We often talk about the risks that are associated with drinking and driving. But there are other ways that you can find yourself in a tough situation while drinking.
You might believe that walking home after a night at the bar is a good idea (hey, it’s better than driving), but you could be wrong. A new study released Monday by the National Highway Traffic Safety Administration (NHTSA) reports that walking while under the influence is a major cause of pedestrian death.
According to Yahoo! News, drinking and walking can be just as deadly. According to new data, about a third of all of the pedestrians in the U.S. who were killed in 2011 reported a blood-alcohol level above .08 (the legal limit for driving).
Our Boston drunk driving accident lawyers understand that of the pedestrians who were killed in accidents in 2011 who were between the ages of 25 and 34, half of them were alcohol-impaired at the time of the accident. In comparison, close to 15 percent of all of the drivers involved in accidents in which a pedestrian was lost had a blood alcohol level over the legal limit.
Because of these findings, Anthony Foxx, Transportation Secretary, recently released a new effort to reduce the risks for pedestrian fatalities.
Jonathan Adkins with the Governors Highway Safety Council says that anti-drunk driving campaigns may be helping to increase the number of intoxicated walkers.
In 2011, there were close to 2,500 pedestrians killed on our roadways, which serves as a near 5 percent increase from the previous year.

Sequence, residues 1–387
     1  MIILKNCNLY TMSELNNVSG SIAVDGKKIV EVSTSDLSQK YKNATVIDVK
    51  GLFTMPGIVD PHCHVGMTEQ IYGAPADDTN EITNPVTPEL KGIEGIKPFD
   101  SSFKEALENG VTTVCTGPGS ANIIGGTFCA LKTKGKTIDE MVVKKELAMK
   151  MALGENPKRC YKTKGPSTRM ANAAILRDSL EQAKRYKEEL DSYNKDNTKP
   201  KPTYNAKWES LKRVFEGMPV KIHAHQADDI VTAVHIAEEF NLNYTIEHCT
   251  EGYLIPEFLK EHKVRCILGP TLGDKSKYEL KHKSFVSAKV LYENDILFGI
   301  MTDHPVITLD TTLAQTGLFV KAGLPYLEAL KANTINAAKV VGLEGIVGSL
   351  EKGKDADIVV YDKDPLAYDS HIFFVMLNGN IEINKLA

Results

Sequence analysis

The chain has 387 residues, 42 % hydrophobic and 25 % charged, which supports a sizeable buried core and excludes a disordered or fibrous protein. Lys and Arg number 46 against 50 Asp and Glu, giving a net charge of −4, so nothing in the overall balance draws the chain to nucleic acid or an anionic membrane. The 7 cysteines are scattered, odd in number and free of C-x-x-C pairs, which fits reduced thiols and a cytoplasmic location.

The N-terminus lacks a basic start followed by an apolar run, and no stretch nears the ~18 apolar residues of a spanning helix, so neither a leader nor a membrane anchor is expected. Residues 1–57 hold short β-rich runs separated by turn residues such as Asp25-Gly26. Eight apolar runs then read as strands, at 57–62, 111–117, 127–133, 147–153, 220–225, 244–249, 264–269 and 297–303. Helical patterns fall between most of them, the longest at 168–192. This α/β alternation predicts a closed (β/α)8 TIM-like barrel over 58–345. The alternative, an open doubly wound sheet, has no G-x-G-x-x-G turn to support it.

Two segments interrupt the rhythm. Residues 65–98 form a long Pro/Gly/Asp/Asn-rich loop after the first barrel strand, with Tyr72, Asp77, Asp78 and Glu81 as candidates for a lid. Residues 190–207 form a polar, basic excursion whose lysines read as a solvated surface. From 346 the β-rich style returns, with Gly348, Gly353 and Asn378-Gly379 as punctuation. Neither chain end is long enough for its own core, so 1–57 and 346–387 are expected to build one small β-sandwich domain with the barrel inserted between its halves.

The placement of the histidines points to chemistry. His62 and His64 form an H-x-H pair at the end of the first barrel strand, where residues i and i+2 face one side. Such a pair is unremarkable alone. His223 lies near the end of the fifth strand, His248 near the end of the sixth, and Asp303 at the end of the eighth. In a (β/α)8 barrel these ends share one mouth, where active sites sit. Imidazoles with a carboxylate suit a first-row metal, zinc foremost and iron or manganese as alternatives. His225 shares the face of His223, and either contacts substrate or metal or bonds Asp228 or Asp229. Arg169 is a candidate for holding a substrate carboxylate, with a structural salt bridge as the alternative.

According to USA TODAY, alcohol can impair the judgment of someone who is walking and can in turn lead them to make bad decisions, like crossing is against the light, crossing a road in the wrong place, or trying to beat a bus that’s coming.
“We haven’t done such a good job of reminding them that other drunk behavior, including walking, can be just as dangerous,” said Adkins.
The truth of the matter is that alcohol affects the brain in some serious ways — ways that can wind up killing us. Many of the impairments of alcohol can be detected after just one glass of alcohol.
Influences of alcohol’s effects on the brain:
-How much a person has had to drink.
-The age at which a person first started drinking alcohol.
-How long a person has been drinking.
-The age of the drinker.
-Risks resulting from prenatal alcohol exposure.
-A drinkers overall general health status.
Pedestrians are at some of the highest risks for injury or death in the event of a traffic accident. But it’s not just intoxication that is putting these vulnerable travelers at serious risk. Safety advocates have been warning for a number of years now that they have also been witnessing an increase in the number of distracted walking accidents. There have been various studies that have illustrated the increase in the number of people who are talking on their cellphones while walking make more mistakes while walking along our roadways.
If you or a loved one was involved in a drunk driving accident in Massachusetts, call the Law Offices of Jeffrey S. Glassman for a free and confidential appointment — 1-888-367-2900.
More Blog Entries:
A New Option to Test Your BAC Before Heading Home, Boston Drunk Driving Accident Lawyer Blog, August 10, 2013
Wrong-Way Drunk Driver Pulled Over with 2 Children in Vehicle, Boston Drunk Driving Accident Lawyer Blog, July 25, 2013